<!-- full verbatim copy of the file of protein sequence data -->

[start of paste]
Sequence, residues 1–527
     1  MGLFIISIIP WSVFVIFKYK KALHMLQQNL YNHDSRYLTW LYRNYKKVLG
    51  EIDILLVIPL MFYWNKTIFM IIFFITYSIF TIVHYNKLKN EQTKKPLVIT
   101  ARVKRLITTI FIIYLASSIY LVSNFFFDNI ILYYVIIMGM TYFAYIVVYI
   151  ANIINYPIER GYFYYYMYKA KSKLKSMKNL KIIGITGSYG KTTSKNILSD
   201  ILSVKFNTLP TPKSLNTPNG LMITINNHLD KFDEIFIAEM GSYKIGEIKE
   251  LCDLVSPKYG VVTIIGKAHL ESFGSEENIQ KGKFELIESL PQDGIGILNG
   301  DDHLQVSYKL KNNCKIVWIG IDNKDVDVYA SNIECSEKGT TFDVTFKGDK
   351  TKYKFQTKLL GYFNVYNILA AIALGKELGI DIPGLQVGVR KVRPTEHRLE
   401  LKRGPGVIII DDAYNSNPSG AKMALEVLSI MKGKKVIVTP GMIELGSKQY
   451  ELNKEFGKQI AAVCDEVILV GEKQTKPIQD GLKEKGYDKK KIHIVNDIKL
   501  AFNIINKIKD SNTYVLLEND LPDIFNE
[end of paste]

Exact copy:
Sequence, residues 1–527
     1  MGLFIISIIP WSVFVIFKYK KALHMLQQNL YNHDSRYLTW LYRNYKKVLG
    51  EIDILLVIPL MFYWNKTIFM IIFFITYSIF TIVHYNKLKN EQTKKPLVIT
   101  ARVKRLITTI FIIYLASSIY LVSNFFFDNI ILYYVIIMGM TYFAYIVVYI
   151  ANIINYPIER GYFYYYMYKA KSKLKSMKNL KIIGITGSYG KTTSKNILSD
   201  ILSVKFNTLP TPKSLNTPNG LMITINNHLD KFDEIFIAEM GSYKIGEIKE
   251  LCDLVSPKYG VVTIIGKAHL ESFGSEENIQ KGKFELIESL PQDGIGILNG
   301  DDHLQVSYKL KNNCKIVWIG IDNKDVDVYA SNIECSEKGT TFDVTFKGDK
   351  TKYKFQTKLL GYFNVYNILA AIALGKELGI DIPGLQVGVR KVRPTEHRLE
   401  LKRGPGVIII DDAYNSNPSG AKMALEVLSI MKGKKVIVTP GMIELGSKQY
   451  ELNKEFGKQI AAVCDEVILV GEKQTKPIQD GLKEKGYDKK KIHIVNDIKL
   501  AFNIINKIKD SNTYVLLEND LPDIFNE